Nearly 650 bright yellow ducks were under starters orders on Saturday (10 August). Hundreds of people across the country got behind Lymphoma Action’s first-ever Duck Race, sponsoring and naming the competitors.
On the day, around 50 spectators came down to the Aylesbury canal basin to cheer on their ducks and take part in a tombola and hook-a-duck game, there was also a chance to pick up a free copy of The Bucks Herald at a stand run by editor Hayley O'Keeffe, reporter Neil Shefferd and Peter Finch.
Front runners used the windy conditions to their advantage and, expertly guided by volunteer canoeists, bobbed gracefully around barges and towards the weir for an exciting finish. The duck that crossed the finish line in first place, bagging its sponsor a £100 cash prize, was ‘Fuzzy’. Second-place winner of £75 was ‘Amy Turtle’ and the £50-winning, third fastest duck was ‘Immy’. The £25 prize for the best name went to ‘Funky Wigeon’.
Follow Lymphoma Action on Facebook at www.facebook.com/LymphomaAction to re-live the race complete with expert commentary!
Sarah Thorn, Lymphoma Action’s Community and Partnerships Manager and designated ‘Head Mallard’ and Adjudicator for the race itself, said: “It was lovely to see so many people enjoying the spectacle of the duck race as our 648 sponsored ducks bobbed along, turning the canal bright yellow. Huge thanks to everyone who sponsored a duck – we had such a fantastic range of names to choose from! – and to our amazing volunteers who made sure everything went swimmingly. We are so grateful to our two fabulous canoeists, Greg Wilson from Chiltern Canoe Club and Brychan Watkins, who herded all the ducks towards the finish, and to all our wonderful duck catchers from Aylesbury Hundreds Rotary, who made sure all ducks were safely retrieved and ready to race again next year!”
Lymphoma is the fifth most common cancer in the UK and Lymphoma Action is the only charity dedicated to helping those affected by it. A type of blood cancer, it develops when the white blood cells called lymphocytes that form part of our immune system grow out of control. It’s a complex condition with over 60 subtypes and it can be hard to diagnose because its symptoms – unexpected weight loss, frequent infections that are hard to shift, night sweats, itchy skin and lumps in the neck, armpit or groin – are often mistaken for other health issues. Lymphoma Action wants to keep offering the best possible information and support so that no-one has to face their lymphoma alone. The charity provides information resources and a confidential helpline, workshops and buddy network for anyone affected – as well as supporting GPs and other healthcare professionals to ensure faster, more accurate diagnosis and effective treatment.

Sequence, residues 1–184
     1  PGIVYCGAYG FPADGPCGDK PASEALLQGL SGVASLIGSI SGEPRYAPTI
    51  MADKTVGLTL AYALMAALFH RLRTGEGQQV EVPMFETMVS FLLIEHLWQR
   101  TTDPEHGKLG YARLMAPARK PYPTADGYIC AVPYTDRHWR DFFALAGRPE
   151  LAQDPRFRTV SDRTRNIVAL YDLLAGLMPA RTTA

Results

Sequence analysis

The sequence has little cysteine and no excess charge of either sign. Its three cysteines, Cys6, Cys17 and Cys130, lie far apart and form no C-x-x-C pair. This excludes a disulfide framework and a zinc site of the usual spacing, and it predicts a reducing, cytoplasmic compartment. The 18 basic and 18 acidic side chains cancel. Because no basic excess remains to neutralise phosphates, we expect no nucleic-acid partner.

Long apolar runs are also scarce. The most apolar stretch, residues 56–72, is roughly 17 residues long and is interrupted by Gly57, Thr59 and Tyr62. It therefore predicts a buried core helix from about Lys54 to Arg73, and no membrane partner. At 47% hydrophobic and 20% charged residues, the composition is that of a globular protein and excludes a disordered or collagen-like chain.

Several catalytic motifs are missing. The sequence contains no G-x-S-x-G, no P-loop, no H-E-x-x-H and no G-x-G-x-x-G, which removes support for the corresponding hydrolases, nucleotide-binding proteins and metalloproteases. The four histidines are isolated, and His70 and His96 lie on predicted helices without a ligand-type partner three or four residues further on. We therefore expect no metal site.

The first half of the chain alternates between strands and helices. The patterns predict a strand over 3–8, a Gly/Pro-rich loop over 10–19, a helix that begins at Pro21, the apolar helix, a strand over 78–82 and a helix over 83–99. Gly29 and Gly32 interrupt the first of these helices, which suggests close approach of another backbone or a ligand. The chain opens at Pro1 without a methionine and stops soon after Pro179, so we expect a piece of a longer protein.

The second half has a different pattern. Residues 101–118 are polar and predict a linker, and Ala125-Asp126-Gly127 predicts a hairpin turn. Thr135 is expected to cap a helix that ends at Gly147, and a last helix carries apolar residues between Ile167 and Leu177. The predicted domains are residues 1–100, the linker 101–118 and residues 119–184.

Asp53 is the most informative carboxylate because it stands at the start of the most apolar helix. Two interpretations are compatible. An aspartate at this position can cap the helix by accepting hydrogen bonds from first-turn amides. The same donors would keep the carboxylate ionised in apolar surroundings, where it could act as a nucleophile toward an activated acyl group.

“The duck race has done a brilliant job of raising awareness of the services we offer – as well as vital funds to help more people facing a lymphoma diagnosis,” adds Sarah. “By supporting it, you’ve helped more people affected by lymphoma get the best possible care, treatment, information and support.”
Visit www.lymphoma-action.org.uk to find out more about lymphoma; the charity’s services for those affected and how you can get involved. Look out for the Muddy Mutts Dog Walk, coming to Wendover Woods on Sunday 20 October and raising funds for lymphoma.